- #1

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are we supposed to begin by guessing the limit and the bounds ??

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- Thread starter mansi
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- #1

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are we supposed to begin by guessing the limit and the bounds ??

- #2

shmoe

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Once you've got this 'guess' limit in hand, you should be able to prove convergence (hint:show it's an increasing & bounded sequence).

- #3

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so, it's an increasing sequence...

but i can't think of how we can show it's bounded...i mean,how do we use the recurrence relation?..and i guess, once we find the upper bound it would be easy to spot the limit of the sequence...

- #4

Galileo

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Maybe you could write out the first few terms, that might hint towards an upper bound.

- #5

shmoe

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mansi said:By mere observation, it's quite clear that a_1 < a_2 <.......<a_n.....

so, it's an increasing sequence...

You don't think you need any conditions on the terms to deduce this? What if, at some point, [tex]a_n=3[/tex]. Then what's [tex]a_{n+1}[/tex]? Can you guarantee this won't hapen?

mansi said:..and i guess, once we find the upper bound it would be easy to spot the limit of the sequence...

If you happened to find the

- #6

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In fact, I will tell you exactly what its value is. See my comments: https://www.physicsforums.com/showthread.php?t=73656

2cos(45) =[tex]\sqrt(2) [/tex]. 2cos(45/2)= [tex]\sqrt{2+\sqrt2}[/tex]

2cos(45/4) =[tex]\sqrt{2+\sqrt{2+\sqrt{2}}} [/tex]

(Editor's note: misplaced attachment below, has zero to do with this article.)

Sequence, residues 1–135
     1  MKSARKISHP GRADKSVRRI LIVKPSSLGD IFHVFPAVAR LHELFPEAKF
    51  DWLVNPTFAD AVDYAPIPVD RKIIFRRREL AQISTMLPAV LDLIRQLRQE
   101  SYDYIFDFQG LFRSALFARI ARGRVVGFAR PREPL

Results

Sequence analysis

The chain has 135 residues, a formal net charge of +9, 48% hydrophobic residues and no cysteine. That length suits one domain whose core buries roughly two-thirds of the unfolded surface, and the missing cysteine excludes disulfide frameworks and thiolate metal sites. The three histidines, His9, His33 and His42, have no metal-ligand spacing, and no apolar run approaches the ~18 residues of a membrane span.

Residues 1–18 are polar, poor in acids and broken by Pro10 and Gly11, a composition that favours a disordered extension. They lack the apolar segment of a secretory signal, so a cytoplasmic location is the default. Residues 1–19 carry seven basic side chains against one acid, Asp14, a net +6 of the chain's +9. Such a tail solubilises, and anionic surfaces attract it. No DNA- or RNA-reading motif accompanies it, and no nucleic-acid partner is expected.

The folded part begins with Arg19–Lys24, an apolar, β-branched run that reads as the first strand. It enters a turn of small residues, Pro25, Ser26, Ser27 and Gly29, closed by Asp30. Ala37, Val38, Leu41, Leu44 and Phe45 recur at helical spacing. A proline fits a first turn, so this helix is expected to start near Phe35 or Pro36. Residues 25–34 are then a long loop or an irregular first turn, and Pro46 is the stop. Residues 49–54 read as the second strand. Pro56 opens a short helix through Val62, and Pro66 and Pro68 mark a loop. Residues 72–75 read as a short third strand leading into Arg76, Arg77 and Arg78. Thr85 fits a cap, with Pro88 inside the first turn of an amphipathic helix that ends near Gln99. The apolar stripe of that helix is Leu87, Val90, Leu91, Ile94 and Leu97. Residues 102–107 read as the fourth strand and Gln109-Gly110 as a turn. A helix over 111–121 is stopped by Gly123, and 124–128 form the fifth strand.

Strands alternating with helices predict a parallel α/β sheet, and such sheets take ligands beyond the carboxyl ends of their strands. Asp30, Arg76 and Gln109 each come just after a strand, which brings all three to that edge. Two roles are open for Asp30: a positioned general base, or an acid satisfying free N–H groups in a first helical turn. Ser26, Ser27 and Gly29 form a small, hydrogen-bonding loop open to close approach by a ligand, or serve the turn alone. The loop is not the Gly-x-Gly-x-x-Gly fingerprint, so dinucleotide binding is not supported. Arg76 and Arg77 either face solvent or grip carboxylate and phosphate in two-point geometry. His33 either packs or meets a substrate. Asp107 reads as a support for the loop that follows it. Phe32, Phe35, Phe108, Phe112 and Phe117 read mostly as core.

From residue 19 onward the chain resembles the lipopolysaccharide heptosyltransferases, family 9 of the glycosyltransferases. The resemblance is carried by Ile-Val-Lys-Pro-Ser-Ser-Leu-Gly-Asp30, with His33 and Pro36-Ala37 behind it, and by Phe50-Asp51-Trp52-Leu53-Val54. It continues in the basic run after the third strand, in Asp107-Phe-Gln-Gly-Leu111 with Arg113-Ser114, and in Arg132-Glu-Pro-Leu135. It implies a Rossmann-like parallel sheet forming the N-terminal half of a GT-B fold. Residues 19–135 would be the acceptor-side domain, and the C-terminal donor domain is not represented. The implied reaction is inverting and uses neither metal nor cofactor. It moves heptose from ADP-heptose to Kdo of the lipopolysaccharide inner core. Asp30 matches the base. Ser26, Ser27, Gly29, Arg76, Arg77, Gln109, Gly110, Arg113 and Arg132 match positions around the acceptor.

2cos(45) =[tex]\sqrt(2) [/tex]. 2cos(45/2)= [tex]\sqrt{2+\sqrt2}[/tex]

2cos(45/4) =[tex]\sqrt{2+\sqrt{2+\sqrt{2}}} [/tex]

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- #7

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Robert,it can't be.The #-s on the right (the square roots) are increasing,while the sinus-es are decreasing (their arguments tends to 0)...

Daniel.

EDIT:You edited,and put "cos".Now it makes sense.Both are increasing.This "cosine" trick is really elegant...

Daniel.

EDIT:You edited,and put "cos".Now it makes sense.Both are increasing.This "cosine" trick is really elegant...

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- #8

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Wow! Thanks for the complement. I at first mistakenly put in the sin, which has this form:

2sin x = [tex]\sqrt{2-\sqrt{2+\sqrt{2+++}}}[/tex]

So that we get sin^2 + cos^2 = 1.

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- #9

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A1 = 2^(1/2) < 2

Assume An < 2

A(n+1) = (An + 2)^(1/2) < (2 + 2)^(1/2) = 2

By the principle of mathematical induction, An < 2 for all n.

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